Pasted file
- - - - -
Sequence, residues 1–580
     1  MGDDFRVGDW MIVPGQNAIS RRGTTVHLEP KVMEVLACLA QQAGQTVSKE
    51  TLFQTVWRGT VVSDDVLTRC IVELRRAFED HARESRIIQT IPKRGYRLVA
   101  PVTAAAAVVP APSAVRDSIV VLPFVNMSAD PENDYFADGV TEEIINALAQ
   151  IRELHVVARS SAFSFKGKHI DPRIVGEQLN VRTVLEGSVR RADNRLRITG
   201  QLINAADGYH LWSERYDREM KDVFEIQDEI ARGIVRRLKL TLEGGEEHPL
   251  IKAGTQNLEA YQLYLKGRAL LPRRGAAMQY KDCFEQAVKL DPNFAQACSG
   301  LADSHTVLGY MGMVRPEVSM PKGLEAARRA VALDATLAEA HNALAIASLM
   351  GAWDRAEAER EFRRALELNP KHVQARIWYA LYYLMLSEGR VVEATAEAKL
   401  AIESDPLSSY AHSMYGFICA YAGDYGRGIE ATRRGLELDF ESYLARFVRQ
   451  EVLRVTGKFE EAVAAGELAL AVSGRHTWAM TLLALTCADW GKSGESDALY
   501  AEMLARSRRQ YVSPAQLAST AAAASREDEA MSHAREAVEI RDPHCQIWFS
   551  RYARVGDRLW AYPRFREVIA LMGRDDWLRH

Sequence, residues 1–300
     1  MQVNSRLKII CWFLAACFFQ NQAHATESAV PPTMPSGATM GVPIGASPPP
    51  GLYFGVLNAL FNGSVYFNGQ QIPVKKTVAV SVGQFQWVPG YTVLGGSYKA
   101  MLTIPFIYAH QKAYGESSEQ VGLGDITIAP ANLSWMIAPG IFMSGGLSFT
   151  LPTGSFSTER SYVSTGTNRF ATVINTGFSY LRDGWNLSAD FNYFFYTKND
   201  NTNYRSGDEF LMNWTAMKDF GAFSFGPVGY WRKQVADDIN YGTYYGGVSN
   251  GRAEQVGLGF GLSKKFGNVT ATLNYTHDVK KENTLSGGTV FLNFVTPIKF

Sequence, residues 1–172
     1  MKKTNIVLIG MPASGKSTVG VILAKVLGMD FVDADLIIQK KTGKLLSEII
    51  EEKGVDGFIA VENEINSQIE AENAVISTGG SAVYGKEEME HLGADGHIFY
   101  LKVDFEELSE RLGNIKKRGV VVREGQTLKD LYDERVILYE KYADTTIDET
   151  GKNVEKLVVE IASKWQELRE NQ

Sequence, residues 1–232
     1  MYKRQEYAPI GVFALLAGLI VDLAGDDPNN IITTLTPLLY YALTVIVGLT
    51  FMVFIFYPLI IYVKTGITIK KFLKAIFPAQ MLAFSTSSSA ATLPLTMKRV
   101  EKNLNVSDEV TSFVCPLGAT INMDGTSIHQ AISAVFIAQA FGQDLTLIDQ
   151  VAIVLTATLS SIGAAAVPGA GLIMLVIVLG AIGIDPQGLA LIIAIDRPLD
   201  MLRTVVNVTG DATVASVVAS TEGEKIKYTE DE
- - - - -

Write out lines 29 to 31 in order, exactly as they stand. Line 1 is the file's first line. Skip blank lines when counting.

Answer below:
   101  EKNLNVSDEV TSFVCPLGAT INMDGTSIHQ AISAVFIAQA FGQDLTLIDQ
   151  VAIVLTATLS SIGAAAVPGA GLIMLVIVLG AIGIDPQGLA LIIAIDRPLD
   201  MLRTVVNVTG DATVASVVAS TEGEKIKYTE DE